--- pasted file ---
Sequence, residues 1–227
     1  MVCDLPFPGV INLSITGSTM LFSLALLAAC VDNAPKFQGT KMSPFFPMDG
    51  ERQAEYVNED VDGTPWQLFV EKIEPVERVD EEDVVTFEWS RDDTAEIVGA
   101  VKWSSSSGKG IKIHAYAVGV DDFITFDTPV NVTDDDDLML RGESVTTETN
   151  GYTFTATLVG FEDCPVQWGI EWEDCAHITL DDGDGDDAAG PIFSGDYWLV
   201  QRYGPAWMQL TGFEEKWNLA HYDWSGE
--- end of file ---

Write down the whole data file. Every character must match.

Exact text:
Sequence, residues 1–227
     1  MVCDLPFPGV INLSITGSTM LFSLALLAAC VDNAPKFQGT KMSPFFPMDG
    51  ERQAEYVNED VDGTPWQLFV EKIEPVERVD EEDVVTFEWS RDDTAEIVGA
   101  VKWSSSSGKG IKIHAYAVGV DDFITFDTPV NVTDDDDLML RGESVTTETN
   151  GYTFTATLVG FEDCPVQWGI EWEDCAHITL DDGDGDDAAG PIFSGDYWLV
   201  QRYGPAWMQL TGFEEKWNLA HYDWSGE